Leeds Building Society has tightened its criteria when lending into retirement by reducing the maximum age a borrower can be at the end of their term from 80 to 75.
The lender’s mainstream mortgage range insists borrowers are no more than 75 years old when their term comes to an end.
However, until last week, it had a select range of products, called its “lending into retirement” range, which allowed a borrower to be up to 80 years old at the end of their mortgage term. This comes two years after Leeds reduced its maximum age from 85 to 80.
The pulled range includes a fees-assisted two-year fixed-rate product, an offset two-year discount at 1.50 per cent as well as the offset variable-rate mortgage.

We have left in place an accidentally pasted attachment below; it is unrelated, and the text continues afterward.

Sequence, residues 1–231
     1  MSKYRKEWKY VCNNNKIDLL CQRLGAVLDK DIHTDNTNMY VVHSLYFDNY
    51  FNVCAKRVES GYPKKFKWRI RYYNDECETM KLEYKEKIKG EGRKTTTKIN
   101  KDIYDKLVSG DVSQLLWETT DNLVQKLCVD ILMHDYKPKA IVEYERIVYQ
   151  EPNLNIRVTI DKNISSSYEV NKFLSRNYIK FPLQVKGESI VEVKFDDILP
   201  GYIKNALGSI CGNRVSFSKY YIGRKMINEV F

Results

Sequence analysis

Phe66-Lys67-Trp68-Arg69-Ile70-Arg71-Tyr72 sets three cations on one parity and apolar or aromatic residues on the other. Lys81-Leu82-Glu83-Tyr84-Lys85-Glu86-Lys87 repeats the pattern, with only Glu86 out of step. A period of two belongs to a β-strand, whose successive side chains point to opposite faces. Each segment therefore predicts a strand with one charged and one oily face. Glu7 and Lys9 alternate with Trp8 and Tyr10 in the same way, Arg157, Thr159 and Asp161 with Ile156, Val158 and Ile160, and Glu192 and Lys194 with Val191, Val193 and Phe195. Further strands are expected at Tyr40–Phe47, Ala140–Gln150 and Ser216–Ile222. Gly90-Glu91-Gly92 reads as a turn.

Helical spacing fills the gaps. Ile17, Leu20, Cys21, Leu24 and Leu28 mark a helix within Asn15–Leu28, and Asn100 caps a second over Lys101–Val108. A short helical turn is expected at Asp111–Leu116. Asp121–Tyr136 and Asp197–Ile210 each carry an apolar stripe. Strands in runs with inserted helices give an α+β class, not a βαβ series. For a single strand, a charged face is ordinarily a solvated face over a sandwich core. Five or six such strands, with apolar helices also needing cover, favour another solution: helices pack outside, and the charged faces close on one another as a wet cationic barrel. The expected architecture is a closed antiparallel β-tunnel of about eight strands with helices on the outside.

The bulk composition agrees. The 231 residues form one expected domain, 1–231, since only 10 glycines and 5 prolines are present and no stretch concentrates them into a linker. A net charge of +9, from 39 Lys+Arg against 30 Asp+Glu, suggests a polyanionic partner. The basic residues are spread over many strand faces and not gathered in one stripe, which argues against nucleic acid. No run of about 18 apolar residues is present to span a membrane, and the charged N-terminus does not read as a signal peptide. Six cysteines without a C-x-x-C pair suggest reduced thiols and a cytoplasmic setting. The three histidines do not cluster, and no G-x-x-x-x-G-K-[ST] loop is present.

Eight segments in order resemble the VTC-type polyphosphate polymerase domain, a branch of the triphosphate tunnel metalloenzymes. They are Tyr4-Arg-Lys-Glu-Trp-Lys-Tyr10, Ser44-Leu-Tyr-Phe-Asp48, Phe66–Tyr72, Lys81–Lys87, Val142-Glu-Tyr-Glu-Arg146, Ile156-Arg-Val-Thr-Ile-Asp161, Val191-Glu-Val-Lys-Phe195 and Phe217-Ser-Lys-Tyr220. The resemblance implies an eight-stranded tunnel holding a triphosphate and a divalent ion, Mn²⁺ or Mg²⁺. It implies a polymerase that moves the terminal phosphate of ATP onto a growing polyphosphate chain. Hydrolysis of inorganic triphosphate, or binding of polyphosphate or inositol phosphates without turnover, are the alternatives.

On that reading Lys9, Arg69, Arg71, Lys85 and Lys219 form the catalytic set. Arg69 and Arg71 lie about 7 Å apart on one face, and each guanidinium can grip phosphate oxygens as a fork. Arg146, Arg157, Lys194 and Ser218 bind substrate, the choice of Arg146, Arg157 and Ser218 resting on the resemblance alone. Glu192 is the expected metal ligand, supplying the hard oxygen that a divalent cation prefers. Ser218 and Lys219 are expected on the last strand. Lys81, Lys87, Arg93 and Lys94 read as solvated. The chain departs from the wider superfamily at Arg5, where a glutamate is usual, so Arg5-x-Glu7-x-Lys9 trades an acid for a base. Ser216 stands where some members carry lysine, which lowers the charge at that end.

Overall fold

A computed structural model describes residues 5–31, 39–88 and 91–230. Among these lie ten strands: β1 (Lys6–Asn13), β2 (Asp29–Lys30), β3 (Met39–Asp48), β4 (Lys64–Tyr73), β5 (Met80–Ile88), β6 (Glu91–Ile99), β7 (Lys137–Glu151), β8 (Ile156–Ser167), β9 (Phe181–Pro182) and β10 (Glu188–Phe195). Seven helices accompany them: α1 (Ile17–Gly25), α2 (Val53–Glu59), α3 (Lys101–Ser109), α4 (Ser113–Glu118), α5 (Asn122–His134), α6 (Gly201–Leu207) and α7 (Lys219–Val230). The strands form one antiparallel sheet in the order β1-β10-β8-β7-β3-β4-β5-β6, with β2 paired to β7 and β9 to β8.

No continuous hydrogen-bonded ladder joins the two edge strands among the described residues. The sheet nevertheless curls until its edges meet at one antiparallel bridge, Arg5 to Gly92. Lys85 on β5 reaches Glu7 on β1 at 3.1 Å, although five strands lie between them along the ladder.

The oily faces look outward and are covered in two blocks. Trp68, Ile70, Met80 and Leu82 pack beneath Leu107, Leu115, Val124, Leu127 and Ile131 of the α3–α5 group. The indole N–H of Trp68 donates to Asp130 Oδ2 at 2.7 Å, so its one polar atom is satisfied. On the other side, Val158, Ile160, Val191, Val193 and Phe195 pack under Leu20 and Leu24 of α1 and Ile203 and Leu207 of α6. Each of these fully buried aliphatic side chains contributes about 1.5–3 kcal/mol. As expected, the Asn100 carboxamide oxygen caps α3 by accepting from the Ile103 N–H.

Over the past 18 months, a number of lenders have reduced the maximum age they will allow a borrower to be at the end of the mortgage term, with Skipton and Newcastle Building Society reducing their maximum ages to 75.
West Brom Building Society reduced their maximum age further, dropping by 10 years to 70 in May.
The upcoming Mortgage Market Review places greater emphasis on affordability, with the lender insisting lenders check a borrower can afford their repayments in retirement.
A spokesman from Leeds Building Society says: “We are constantly reviewing our mortgage range to ensure that it is appropriate for the market.”